better or for worse — sometimes both, perhaps — the game of basketball
has been a big part of The Church of Jesus Christ of Latter-day Saints
for the better part of 100 years.
Male Mormons first played in a formal basketball league in 1908, and
church basketball has spawned enormous participation from hundreds of
thousands of people in the 102 years that have followed.
need only mention the words "church basketball" to just about any male
who spent any length of time growing up in the state of Utah, where the
LDS Church is based, to realize the wide scope of influence basketball
has had in the church.
__IMAGE1__ Heading into
the second decade of the 21st century, this much seems clear — church
ball continues to be a behemoth in the LDS Church.
true that the state of Utah may have shifted from being a "basketball
state" to being a "football state" in the past decade or so, and it's
also true that basketball — and sports in general — are less important
to the rising generations, who instead immerse themselves in the
plethora of entertainment options available to them.
participation in church basketball among men, women and young adults
remains extremely high — Harold Turley, the Utah Area sports director
for the LDS Church, estimates that there were "at least 180,000
participants" in church ball in the state of Utah in 2009 — and the
church is busily overhauling the way its sports program is run in the
state of Utah to ensure it remains in a position to continue to sponsor
To that end, Turley is a
key figure. A lifelong participant in a variety of sports, Turley was
called last October to be the church's Utah Area sports director by
Elder Steven Snow of the Presidency of the Seventy.
than have its sports program, in which basketball is the biggest sport,
run by what Turley calls "the staff officers of the church," Turley
says the church wants its sports program run instead by local
"We're making a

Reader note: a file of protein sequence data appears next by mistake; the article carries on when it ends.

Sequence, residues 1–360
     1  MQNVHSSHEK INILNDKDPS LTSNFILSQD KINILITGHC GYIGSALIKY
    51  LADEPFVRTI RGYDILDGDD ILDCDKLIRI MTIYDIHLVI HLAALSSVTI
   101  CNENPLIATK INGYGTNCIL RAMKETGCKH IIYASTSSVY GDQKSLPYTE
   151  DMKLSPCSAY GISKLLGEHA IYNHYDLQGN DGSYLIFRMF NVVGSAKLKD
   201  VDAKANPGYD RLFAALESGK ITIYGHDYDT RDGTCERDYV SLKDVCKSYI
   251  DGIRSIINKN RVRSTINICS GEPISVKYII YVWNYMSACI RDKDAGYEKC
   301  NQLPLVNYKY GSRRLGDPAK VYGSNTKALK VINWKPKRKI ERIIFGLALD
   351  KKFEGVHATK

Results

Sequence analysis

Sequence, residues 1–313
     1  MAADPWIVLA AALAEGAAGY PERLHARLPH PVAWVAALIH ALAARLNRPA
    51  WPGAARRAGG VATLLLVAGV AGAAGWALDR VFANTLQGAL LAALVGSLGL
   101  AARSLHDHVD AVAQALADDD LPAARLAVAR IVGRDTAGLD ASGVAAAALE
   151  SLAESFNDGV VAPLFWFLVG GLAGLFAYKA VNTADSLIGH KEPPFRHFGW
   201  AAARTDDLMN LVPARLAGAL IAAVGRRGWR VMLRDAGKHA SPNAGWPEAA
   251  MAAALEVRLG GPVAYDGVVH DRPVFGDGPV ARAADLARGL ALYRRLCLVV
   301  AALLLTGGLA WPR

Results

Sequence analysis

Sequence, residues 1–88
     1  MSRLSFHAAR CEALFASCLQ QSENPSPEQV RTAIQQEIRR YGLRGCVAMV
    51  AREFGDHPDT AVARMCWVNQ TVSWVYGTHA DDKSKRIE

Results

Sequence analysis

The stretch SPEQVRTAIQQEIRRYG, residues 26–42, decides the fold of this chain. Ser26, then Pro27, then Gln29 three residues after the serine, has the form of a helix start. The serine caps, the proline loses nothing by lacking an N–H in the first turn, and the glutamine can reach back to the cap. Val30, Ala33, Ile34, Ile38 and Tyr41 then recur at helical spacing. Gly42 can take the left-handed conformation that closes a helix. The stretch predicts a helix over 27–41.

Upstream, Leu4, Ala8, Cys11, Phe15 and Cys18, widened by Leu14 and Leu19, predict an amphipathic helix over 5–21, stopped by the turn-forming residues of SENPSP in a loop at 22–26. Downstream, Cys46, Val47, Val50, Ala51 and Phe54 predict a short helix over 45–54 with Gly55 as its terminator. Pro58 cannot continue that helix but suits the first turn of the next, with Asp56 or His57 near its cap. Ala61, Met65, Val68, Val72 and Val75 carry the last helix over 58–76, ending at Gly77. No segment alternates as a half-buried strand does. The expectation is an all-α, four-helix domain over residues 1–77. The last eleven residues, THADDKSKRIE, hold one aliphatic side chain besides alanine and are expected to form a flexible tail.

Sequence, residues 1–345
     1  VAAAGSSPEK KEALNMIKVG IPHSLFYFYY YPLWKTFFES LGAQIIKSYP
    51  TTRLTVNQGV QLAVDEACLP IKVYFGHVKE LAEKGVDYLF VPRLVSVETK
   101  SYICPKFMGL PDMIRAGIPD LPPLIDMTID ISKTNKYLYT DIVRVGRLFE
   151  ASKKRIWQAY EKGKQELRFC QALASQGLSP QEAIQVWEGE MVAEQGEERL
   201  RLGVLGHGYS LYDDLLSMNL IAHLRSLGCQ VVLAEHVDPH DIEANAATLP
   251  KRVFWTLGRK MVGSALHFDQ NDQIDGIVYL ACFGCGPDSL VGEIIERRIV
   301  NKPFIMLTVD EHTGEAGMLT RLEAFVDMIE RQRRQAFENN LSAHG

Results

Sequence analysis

major transition with the sports program for the church because in the
past it's kind of been the stepchild, or it's been on the fringe, and
has not been run by the line leadership of the church, the priesthood
leaders," says Turley. "In the fall of last year, the leaders of the
church indicated that we're gonna change that and we're gonna have the
priesthood leaders now responsible for the sports program."
to Turley, the church is approximately a third of the way through that
process and hopes to be finished by June of this year.
Turley oversees 547 stakes that play 42 different sports in his current capacity, which is a massive, massive undertaking.
"It's a huge effort," says Turley.
But no sport is bigger in the church than basketball.
standards hang from the "cultural halls" of virtually every LDS
meetinghouse up and down the Wasatch Front, and generations of church
members have grown up playing basketball. Until 1971, when it became
impractical because of the church's growth, the church sponsored a
yearly churchwide basketball tournament, and inter-stake tournaments
continue to this day.
When asked to
summarize the current state of church basketball, Turley immediately
pointed to the things that have made it such an interesting phenomenon
over the years — ugly incidents.
many of the people who have been a part of church basketball all have
their own story: So-and-so lost control of their emotions, and
such-and-such incident resulted.
are doing everything we can to, what we call, disarm anger," says
Turley. "I'll give you an example. I was a bank president at one time.
We made hundreds and hundreds of loans, (but) the only loans that the
board of directors remembered were the ones that weren't good loans.
There had been less than a dozen of those, but that's all they remember.
the same thing happens with people. They may have played basketball for
15-20 years, and they remember that there was one altercation seven
years ago. There's less than one-tenth of one percent where we've had
problems, but yet they are magnified."
church basketball to fulfill its two stated purposes — promote
community togetherness and inspire physical fitness — Turley is working
with others to minimize the occurrence of such incidents, realizing the
ultimate future of church basketball is perhaps on the line.
doing everything we can to disarm anger, and we have a two-prong attack
for that," says Turley. "We're just moving on this. One is that we will
have a priesthood leader responsible in every basketball game. ...
Secondly, we are spending a lot more time and effort to train officials
who will be officiating the games, much more so than we've ever done."